According to an article in the Dallas Morning News, first-time claims for unemployment insurance benefits increased more than expected last week. The Labor Department reported that initial unemployment insurance claims rose to 551,000 from 534,000. Analysts had expected that unemployment claims would only rise to 535,000.
"Economists closely watch initial claims, which are considered a gauge of layoffs and an indication of companies' willingness to hire new workers...Economists forecast that report will show the unemployment rate rose to 9.8 percent from 9.7 percent in August. Most economists expect the rate to top 10 percent by early next year."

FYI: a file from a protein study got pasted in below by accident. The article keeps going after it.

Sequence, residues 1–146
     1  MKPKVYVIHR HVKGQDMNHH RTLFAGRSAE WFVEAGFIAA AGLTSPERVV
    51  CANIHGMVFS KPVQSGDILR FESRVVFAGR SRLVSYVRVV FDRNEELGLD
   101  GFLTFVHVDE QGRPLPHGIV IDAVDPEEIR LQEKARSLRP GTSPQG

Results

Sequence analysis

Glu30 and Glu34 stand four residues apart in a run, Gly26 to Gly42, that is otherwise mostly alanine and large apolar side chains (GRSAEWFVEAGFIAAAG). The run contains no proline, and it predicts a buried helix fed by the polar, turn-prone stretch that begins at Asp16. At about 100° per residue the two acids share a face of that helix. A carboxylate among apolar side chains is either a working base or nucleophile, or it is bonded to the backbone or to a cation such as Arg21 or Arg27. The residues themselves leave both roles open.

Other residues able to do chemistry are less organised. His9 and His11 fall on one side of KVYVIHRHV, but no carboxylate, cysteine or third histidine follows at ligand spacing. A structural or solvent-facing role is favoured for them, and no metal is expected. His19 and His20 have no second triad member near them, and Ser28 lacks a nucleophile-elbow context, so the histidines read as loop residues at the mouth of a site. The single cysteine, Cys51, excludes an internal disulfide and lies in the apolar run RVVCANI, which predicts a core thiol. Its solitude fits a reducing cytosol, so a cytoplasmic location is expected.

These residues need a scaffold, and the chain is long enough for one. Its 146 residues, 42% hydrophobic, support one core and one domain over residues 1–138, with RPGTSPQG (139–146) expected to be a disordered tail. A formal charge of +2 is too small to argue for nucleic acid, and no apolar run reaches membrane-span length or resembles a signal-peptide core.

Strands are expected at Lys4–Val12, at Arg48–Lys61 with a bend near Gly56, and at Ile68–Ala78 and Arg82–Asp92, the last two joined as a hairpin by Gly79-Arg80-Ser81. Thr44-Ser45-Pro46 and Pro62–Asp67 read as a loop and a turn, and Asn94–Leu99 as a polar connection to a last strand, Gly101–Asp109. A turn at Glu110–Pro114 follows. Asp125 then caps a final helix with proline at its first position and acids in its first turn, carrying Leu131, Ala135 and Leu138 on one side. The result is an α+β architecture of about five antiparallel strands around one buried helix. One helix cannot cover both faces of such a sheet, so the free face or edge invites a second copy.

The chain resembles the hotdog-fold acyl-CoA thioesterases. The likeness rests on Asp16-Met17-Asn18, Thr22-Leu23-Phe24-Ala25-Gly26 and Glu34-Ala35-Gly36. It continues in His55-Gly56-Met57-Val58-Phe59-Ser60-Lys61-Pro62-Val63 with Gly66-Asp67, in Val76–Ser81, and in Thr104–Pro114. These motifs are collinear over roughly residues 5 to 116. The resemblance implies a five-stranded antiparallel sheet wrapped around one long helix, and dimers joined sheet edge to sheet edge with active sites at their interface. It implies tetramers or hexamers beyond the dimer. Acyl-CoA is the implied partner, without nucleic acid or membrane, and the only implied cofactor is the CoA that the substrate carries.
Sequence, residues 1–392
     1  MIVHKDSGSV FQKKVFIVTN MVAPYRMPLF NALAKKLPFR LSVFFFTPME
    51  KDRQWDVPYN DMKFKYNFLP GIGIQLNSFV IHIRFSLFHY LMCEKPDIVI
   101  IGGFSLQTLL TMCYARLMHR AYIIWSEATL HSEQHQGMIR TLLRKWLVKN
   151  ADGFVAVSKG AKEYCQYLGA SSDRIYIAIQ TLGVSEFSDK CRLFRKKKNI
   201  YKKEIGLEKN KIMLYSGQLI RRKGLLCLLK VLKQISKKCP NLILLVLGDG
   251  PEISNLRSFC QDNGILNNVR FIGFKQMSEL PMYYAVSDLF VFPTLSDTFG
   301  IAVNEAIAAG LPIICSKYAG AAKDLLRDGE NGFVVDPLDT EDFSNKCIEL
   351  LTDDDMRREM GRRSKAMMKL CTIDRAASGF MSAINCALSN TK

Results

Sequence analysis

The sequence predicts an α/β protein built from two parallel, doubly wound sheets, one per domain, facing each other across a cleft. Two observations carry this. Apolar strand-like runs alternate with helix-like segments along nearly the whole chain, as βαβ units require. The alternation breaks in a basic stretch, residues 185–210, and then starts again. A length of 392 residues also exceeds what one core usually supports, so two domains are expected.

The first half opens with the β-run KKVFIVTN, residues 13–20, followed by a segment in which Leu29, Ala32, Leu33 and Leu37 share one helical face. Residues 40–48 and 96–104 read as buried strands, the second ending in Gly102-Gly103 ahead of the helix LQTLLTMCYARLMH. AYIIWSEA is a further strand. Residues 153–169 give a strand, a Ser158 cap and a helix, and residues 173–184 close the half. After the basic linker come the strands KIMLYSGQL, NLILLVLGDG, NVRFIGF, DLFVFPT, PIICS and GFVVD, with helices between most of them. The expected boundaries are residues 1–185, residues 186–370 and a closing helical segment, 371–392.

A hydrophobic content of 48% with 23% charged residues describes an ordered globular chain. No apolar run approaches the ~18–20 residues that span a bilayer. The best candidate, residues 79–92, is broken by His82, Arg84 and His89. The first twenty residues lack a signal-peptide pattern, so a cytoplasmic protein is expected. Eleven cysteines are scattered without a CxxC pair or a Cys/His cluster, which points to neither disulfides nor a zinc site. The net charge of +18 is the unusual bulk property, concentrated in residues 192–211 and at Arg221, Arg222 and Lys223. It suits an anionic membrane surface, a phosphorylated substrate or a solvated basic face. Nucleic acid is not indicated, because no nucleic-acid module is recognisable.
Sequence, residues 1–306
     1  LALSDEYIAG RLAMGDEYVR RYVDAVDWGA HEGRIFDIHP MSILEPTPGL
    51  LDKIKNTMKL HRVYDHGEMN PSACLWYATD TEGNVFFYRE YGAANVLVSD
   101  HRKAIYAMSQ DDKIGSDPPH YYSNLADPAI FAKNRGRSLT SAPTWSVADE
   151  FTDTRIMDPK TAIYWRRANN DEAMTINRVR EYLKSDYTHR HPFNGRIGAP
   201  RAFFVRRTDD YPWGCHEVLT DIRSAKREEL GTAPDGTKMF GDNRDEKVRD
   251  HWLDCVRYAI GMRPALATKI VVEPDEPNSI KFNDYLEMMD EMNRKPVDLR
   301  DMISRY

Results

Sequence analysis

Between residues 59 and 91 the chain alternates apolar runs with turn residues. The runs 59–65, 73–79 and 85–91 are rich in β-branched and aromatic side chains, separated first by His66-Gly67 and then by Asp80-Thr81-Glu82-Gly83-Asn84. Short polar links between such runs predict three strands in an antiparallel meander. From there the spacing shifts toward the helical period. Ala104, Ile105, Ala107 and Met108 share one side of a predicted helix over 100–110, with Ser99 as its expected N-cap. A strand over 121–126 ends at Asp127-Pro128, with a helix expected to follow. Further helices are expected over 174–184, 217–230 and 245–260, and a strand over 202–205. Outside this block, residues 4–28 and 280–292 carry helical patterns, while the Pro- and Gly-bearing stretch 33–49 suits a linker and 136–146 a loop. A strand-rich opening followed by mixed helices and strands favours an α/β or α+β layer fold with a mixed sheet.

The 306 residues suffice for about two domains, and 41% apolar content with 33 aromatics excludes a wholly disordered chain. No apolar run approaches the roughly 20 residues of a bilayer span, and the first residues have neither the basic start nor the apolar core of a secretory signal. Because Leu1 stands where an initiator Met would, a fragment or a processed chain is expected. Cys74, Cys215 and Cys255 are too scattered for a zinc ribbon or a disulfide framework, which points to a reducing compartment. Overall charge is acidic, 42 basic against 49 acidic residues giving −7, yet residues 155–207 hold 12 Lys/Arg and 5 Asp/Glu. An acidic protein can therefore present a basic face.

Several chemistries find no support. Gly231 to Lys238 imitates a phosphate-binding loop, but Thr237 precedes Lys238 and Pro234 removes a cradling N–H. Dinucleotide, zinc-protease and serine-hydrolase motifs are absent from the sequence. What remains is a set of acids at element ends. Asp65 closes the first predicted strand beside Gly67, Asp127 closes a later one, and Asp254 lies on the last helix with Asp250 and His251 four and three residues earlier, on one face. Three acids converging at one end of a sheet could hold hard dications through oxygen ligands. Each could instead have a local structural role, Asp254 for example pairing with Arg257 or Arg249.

The real unemployment picture is that everyone is not being counted. The numbers that show on the official unemployment rate are only those people who qualify and applied for unemployment insurance benefits. What the labor department fails to mention is that there is another class of people who do not qualify for unemployment insurance benefits and/or who have exhausted their unemployment benefits and are no longer being counted. Plus, many people have chosen part-time jobs that barely pay for their basic living expenses because they're left with little choice in the matter. Those are the people who are falling through the cracks. Those individuals are facing foreclosure and other creditor actions while they suffer with little or no income. But what they don't realize is that now may be the perfect time to file bankruptcy and discharge most if not all of their debts. The bankruptcy court will count/average the income a debtor earned six months prior to filing bankruptcy to determine the debtor's monthly income and their eligibility for Chapter 7 bankruptcy. Therefore, even if a debtor earned a six figure income in 2008 and has been earning little more than minimum wage since 2009, they may still qualify for a Chapter 7 bankruptcy. Speak with your Dallas-Fort Worth bankruptcy attorney to find out how your current income affects your bankruptcy options.